xviii CHILDHOOD AND YOUTH 159
vertical pieces of the cradle (see PI. 166). The mother nurses the infant in her arms during most of her leisure moments, and she hushes it to sleep by crooning old lullabies as she rocks it in her arms or in a cradle suspended from a pliable stick.1 The father hardly handles it during its first year, but many fathers nurse and dandle the older infants for hours together in the most affectionate manner ; and, if the child's grandfather is living, he generally becomes its devoted attendant.
About the end of its first year the infant begins to crawl and toddle about the room and gallery, to sprawl into the hearth and eat charcoal, and to get into all sorts of mischief in the usual way. During the first year he lives chiefly on his mother's milk, but takes also thick rice-water from an early age.
Towards the end of the first year the lobes of the ears are perforated, and a ring (or, in the case of a girl, several small rings) is inserted in each. Of childish affections of health, the commonest at this age is yaws (frambsia) about the mouth. Kayan mothers believe that every child must go through this, and that one attack protects against its recurrence ; and the rareness of the disease in adults seems to bear out this belief. Most of the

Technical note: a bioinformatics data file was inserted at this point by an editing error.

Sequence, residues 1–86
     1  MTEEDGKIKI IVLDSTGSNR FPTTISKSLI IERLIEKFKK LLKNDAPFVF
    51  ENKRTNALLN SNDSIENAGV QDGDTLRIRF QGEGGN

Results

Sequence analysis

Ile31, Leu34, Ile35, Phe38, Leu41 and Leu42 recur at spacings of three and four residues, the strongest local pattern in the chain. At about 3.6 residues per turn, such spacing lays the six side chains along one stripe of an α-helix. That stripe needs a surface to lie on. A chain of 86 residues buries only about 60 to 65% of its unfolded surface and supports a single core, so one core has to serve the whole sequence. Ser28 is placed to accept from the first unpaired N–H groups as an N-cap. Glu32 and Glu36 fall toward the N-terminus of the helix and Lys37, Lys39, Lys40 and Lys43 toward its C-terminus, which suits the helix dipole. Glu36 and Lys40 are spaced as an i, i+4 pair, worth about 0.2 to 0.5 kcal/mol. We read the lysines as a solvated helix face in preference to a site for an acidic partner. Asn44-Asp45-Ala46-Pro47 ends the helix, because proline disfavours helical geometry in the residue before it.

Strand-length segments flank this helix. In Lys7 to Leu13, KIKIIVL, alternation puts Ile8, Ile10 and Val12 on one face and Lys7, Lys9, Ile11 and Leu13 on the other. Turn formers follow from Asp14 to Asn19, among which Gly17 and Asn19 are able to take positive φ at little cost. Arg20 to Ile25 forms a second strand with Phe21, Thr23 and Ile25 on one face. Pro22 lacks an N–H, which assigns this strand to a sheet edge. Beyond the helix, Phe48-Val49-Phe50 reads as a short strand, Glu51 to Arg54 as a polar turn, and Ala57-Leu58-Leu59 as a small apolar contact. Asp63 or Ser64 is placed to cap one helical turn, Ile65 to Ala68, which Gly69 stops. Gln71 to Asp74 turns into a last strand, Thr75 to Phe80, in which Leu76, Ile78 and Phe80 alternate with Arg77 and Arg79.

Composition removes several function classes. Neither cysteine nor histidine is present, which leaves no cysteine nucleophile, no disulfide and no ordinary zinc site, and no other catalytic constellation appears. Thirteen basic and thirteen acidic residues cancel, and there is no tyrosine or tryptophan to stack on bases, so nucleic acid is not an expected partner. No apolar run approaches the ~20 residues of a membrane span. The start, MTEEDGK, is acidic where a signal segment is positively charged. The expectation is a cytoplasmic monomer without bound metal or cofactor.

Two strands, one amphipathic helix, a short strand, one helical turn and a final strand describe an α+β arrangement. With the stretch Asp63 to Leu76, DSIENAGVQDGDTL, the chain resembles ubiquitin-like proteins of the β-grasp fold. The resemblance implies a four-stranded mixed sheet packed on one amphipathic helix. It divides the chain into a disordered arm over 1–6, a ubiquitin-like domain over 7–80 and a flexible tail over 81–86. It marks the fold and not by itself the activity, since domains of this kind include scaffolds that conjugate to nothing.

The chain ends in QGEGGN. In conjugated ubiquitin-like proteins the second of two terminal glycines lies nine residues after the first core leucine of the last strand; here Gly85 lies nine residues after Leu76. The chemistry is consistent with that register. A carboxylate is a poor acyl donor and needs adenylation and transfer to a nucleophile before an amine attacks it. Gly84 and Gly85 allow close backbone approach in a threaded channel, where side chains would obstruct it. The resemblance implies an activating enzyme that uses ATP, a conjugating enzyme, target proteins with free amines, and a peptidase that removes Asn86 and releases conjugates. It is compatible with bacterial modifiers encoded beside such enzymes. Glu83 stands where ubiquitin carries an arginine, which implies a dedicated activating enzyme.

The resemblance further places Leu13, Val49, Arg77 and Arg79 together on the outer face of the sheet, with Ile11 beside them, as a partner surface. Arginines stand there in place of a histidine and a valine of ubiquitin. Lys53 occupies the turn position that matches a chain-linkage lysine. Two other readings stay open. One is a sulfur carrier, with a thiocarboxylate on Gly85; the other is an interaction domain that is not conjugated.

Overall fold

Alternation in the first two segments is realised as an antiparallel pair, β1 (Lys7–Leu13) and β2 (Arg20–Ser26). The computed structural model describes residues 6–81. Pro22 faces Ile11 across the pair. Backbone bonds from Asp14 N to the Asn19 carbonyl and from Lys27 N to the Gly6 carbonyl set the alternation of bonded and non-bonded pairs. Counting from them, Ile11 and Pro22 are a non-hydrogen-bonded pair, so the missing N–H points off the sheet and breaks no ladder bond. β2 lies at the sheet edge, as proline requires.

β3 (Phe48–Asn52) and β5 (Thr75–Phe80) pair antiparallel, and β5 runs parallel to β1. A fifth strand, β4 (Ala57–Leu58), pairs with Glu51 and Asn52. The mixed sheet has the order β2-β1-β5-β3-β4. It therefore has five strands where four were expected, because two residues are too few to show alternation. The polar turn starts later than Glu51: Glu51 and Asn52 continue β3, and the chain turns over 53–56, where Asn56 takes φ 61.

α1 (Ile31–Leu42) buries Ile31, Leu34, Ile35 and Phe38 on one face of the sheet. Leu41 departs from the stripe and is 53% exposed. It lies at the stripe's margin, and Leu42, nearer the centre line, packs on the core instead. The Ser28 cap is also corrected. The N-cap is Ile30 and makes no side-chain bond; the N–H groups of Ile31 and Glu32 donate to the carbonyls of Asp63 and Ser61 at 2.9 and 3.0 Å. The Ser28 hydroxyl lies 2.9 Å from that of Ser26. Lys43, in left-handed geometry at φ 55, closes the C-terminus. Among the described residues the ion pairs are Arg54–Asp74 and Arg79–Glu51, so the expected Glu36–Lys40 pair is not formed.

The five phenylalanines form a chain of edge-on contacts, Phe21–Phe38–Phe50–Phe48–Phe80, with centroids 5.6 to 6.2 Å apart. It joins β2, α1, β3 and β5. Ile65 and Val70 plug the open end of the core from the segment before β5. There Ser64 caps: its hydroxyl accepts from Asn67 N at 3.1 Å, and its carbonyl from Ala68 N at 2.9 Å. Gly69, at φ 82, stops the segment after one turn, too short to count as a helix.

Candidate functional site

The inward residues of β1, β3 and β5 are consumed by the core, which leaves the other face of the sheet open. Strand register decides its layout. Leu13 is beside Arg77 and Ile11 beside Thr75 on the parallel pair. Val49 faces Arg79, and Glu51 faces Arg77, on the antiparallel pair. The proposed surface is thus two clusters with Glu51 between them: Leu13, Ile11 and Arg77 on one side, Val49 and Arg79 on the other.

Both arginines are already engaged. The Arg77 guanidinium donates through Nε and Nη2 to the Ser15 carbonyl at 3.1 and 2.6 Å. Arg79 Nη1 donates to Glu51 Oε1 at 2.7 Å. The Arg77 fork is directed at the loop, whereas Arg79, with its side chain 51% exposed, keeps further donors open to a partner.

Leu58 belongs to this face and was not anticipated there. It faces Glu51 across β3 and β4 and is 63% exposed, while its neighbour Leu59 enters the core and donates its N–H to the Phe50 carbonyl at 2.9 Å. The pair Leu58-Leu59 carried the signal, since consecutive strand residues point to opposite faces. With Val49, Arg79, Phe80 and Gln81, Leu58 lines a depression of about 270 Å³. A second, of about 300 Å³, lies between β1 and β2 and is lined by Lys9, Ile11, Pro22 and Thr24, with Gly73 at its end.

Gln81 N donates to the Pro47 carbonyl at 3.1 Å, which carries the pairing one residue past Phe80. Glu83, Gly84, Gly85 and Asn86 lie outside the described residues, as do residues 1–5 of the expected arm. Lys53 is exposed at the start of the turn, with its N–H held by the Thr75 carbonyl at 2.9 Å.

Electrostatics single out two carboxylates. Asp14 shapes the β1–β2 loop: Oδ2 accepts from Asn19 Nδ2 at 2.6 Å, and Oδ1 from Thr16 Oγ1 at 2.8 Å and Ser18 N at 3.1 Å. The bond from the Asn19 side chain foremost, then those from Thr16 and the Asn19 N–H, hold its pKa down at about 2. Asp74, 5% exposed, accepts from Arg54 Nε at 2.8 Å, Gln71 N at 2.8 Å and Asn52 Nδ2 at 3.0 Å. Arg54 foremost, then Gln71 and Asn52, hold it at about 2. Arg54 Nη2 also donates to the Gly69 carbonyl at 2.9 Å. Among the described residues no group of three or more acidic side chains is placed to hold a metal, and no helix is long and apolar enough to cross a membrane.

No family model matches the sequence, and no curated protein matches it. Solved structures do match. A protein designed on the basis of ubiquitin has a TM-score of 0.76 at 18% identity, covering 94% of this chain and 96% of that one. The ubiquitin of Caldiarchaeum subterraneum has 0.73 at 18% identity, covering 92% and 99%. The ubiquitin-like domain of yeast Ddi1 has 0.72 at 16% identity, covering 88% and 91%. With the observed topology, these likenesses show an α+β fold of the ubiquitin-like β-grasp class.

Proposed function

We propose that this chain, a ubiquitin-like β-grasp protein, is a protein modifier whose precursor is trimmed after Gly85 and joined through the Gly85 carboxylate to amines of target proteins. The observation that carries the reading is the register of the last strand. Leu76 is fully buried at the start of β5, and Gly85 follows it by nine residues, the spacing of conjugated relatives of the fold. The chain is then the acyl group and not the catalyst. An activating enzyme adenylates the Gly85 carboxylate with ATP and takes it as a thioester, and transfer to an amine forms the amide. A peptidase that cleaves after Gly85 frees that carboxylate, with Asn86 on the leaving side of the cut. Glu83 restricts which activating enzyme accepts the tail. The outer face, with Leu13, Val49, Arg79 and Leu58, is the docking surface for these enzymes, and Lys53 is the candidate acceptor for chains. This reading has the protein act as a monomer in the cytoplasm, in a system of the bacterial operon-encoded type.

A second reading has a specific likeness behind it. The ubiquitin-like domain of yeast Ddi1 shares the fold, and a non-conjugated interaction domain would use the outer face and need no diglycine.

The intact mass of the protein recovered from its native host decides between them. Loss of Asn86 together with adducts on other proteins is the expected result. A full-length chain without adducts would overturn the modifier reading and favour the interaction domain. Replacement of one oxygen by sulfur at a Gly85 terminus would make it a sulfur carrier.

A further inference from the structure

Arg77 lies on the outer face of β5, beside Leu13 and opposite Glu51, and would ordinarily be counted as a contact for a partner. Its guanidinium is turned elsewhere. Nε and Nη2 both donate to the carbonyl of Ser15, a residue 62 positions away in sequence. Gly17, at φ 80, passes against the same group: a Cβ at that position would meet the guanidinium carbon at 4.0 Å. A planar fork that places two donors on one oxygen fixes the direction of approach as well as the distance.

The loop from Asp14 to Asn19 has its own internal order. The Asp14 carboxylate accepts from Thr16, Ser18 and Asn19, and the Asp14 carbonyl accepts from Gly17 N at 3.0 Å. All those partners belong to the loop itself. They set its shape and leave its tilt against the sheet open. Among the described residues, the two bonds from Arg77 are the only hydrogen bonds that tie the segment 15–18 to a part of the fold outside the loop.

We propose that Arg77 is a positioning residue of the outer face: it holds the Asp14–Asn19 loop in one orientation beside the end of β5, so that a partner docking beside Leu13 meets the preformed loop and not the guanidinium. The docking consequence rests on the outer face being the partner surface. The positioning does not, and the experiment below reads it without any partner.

1 We give the original and translation of one such lullaby :a
" Megiong ujong bayoh
Mansip anak yapacheep, cheep. Lematei telayap, Telayap abing, Lematei Laki Laying oban, Lematei Laki Punan oban." The translation runs :a
" The branches of the bayoh tree are swaying With the sound of little chicksacheep, cheep, The lizards are dead, There are no lizards any more, Gray-haired Laki Laying is dead, The old jungle man is dead."
The reference to the Punan in this lullaby may be explained by saying that the children are frightened sometimes by being told that the jungle man will take them.The reference to the Punan in this lullaby may be explained by saying that the children are frightened sometimes by being told that the jungle man will take them.